Saturday

May 27, 2000

Departures

by Linda Pastan

Broadcast Date: SATURDAY: May 27, 2000

Poem: "Departures," by Linda Pastan from Carnival Evening (W.W. Norton & Company).

On this day in 1937 the Golden Gate Bridge opened: two-hundred-thousand people walked across it that day. At the time, it was the longest suspension bridge in the world.

Itís the birthday of American poet Linda Pastan, born in New York City (1932). The major themes in her work are marriage, motherhood and her Jewish faith, as well as the natural world and its cycles of change.

Itís the birthday of fiction writer John Barth, born in Cambridge, Maryland (1930). He was originally a jazz drummer but later switched to fiction and became known as "the most cerebral of novelists" for his complex and demanding work. He was born with a twin sister, a fact he claims contributed to his becoming a writer: "In part because I no longer have my twin to be wordless with - since twins share a language before85and beyond speech." His first novel, The Floating Opera (1956) was runner-up for the National Book Award. Lost in the Funhouse was nominated for the same award in 1968, and he finally won it for Chimera in 1973. The publication of Giles Goat-Boy (1966) was a major literary event; although it became a best seller, the reviews were mixed, calling it "brilliant, witty, and damn near unreadable."

Itís the birthday of American mystery writer Tony Hillerman, born in Sacred Heart, Oklahoma (1925). He became a newspaperman in Santa Fe, New Mexico, and developed a love for Indian culture. His novels feature Navajo Tribal Police Officers Joe Leaphorn and Jim Chee, who use both standard police procedures and their knowledge of tribal customs to solve crimes.

Itís the birthday of novelist Herman Wouk, born in New York City (1915). He started as a gag writer and then wrote scripts for Fred Allen. He joined the U.S. Navy, and later used that experience as background for his novel The Caine Mutiny (1951). It won the Pulitzer Prize for fiction in 1952.

Itís the birthday of American dancer Isadora Duncan, born Angela Duncan, in San Francisco (1877), the youngest of four theatrically inclined children. Soon after she was born, her mother and father were divorced, and her family lived in abject poverty. She, her mother, sister, and brother embarked on a cattle boat to London, where she was discovered, dancing in a park, by a woman who introduced her to London society through a series of private salons. She was hailed as a dancer in Paris, Germany, and Austria. She bore two children, but they were both drowned in an accident at the height of her career. The Soviet government offered her a school in Moscow, where she met and married a dashing poet named Sergei Esenin. On a tour through the United States they were attacked as Bolshevist spies, and returned to the Soviet Union broke. Esenin went crazy, deserted her, and committed suicide in 1925. Duncan never performed again. She died in Nice in 1927, when the long scarf she was wearing caught in a wheel of the car in which she was riding. Her autobiography, My Life, appeared the same year.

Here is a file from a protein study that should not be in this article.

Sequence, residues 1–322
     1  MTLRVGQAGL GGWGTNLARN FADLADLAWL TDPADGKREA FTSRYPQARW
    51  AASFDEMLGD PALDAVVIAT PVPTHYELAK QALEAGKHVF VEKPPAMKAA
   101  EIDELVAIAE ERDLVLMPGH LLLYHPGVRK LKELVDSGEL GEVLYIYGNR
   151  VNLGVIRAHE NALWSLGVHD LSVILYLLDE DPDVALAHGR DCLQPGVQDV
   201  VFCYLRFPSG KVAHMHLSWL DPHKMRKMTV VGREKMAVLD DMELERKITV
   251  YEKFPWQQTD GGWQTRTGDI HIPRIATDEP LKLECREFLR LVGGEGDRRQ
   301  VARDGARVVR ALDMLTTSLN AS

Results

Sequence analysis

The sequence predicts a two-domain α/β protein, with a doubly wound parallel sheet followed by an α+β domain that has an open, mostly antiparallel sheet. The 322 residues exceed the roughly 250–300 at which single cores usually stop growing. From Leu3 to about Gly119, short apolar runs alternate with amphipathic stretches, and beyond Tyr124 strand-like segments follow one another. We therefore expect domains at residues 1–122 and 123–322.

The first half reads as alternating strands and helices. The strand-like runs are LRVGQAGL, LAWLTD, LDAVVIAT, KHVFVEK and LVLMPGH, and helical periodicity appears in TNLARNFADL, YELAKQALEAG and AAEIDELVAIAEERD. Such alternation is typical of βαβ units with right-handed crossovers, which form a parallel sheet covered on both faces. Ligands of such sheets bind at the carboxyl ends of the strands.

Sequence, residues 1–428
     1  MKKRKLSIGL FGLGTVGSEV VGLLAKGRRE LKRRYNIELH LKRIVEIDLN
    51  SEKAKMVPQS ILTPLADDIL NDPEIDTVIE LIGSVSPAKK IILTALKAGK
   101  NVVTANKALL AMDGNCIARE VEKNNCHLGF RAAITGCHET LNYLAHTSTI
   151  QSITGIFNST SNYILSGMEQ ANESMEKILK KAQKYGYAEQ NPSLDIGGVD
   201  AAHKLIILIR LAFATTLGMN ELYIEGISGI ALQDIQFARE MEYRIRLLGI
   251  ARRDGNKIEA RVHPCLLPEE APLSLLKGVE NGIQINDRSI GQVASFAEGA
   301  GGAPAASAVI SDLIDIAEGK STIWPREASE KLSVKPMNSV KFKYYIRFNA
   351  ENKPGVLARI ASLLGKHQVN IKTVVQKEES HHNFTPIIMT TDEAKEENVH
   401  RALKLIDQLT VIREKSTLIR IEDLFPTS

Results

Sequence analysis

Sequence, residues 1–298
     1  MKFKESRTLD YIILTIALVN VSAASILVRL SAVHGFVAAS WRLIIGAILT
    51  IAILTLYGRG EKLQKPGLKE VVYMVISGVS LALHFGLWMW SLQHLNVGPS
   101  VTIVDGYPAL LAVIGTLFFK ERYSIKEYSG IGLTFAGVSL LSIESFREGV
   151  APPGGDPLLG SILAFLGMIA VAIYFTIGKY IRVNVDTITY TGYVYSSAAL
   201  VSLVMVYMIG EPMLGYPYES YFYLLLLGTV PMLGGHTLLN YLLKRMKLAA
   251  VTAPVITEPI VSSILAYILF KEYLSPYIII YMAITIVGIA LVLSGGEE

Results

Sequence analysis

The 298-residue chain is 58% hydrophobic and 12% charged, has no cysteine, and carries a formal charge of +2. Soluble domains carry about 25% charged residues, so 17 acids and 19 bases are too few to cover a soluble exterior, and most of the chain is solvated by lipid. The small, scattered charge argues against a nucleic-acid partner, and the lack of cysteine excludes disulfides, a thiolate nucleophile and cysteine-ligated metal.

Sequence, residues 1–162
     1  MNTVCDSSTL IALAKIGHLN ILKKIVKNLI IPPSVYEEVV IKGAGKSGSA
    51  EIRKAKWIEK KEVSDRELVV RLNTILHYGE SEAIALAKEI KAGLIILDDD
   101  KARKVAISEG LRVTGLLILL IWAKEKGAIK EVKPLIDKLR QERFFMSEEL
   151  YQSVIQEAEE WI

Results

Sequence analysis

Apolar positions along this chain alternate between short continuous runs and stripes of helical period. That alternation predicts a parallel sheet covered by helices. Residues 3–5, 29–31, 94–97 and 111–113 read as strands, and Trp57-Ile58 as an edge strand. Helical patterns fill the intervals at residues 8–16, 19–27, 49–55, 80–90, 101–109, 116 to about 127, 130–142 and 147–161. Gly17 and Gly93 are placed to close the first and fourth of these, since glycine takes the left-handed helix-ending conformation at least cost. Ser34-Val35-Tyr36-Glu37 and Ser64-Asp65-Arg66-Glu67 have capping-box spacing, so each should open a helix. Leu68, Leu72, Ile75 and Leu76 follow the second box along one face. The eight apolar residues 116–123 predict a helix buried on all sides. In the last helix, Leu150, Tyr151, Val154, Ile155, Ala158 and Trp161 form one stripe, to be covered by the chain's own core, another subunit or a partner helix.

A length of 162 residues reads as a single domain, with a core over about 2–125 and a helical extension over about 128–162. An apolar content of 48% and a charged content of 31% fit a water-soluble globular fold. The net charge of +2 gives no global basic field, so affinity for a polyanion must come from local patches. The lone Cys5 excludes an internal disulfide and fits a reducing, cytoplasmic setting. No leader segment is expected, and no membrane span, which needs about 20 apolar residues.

Be well, do good work, and keep in touch.®

 









«

»

  • “Writers end up writing stories—or rather, stories' shadows—and they're grateful if they can, but it is not enough. Nothing the writer can do is ever enough” —Joy Williams
  • “I want to live other lives. I've never quite believed that one chance is all I get. Writing is my way of making other chances.” —Anne Tyler
  • “Writing is a performance, like singing an aria or dancing a jig” —Stephen Greenblatt
  • “All good writing is swimming under water and holding your breath.” —F. Scott Fitzgerald
  • “Good writing is always about things that are important to you, things that are scary to you, things that eat you up.” —John Edgar Wideman
  • “In certain ways writing is a form of prayer.” —Denise Levertov
  • “Writing is a socially acceptable form of schizophrenia.” —E.L. Doctorow
  • “Writing is like driving at night in the fog. You can only see as far as your headlights, but you can make the whole trip that way.” —E.L. Doctorow
  • “Let's face it, writing is hell.” —William Styron
  • “A writer is someone for whom writing is more difficult than it is for other people.” —Thomas Mann
  • “Writing is 90 percent procrastination: reading magazines, eating cereal out of the box, watching infomercials.” —Paul Rudnick
  • “Writing is a failure. Writing is not only useless, it's spoiled paper.” —Padget Powell
  • “Writing is very hard work and knowing what you're doing the whole time.” —Shelby Foote
  • “I think all writing is a disease. You can't stop it.” —William Carlos Williams
  • “Writing is like getting married. One should never commit oneself until one is amazed at one's luck.” —Iris Murdoch
  • “The less conscious one is of being ‘a writer,’ the better the writing.” —Pico Iyer
  • “Writing is…that oddest of anomalies: an intimate letter to a stranger.” —Pico Iyer
  • “Writing is my dharma.” —Raja Rao
  • “Writing is a combination of intangible creative fantasy and appallingly hard work.” —Anthony Powell
  • “I think writing is, by definition, an optimistic act.” —Michael Cunningham
The Writer's Almanac on Facebook


The Writer's Almanac on Twitter

Subscribe to our daily newsletter for poems, prose and literary history every morning
An interview with Jeffrey Harrison at The Writer's Almanac Bookshelf
Current Faves - Learn more about poets featured frequently on the show
O, What a Luxury

Although he has edited several anthologies of his favorite poems, O, What a Luxury: Verses Lyrical, Vulgar, Pathetic & Profound forges a new path for Garrison Keillor, as a poet of light verse. Purchase O, What a Luxury »